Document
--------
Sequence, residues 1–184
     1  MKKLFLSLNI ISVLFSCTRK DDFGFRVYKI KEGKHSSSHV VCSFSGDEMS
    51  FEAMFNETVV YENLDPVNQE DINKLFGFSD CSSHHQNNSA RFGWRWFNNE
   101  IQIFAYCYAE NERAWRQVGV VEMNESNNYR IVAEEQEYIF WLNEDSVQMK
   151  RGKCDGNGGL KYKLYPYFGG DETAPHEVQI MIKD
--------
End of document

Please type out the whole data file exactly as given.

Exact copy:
Sequence, residues 1–184
     1  MKKLFLSLNI ISVLFSCTRK DDFGFRVYKI KEGKHSSSHV VCSFSGDEMS
    51  FEAMFNETVV YENLDPVNQE DINKLFGFSD CSSHHQNNSA RFGWRWFNNE
   101  IQIFAYCYAE NERAWRQVGV VEMNESNNYR IVAEEQEYIF WLNEDSVQMK
   151  RGKCDGNGGL KYKLYPYFGG DETAPHEVQI MIKD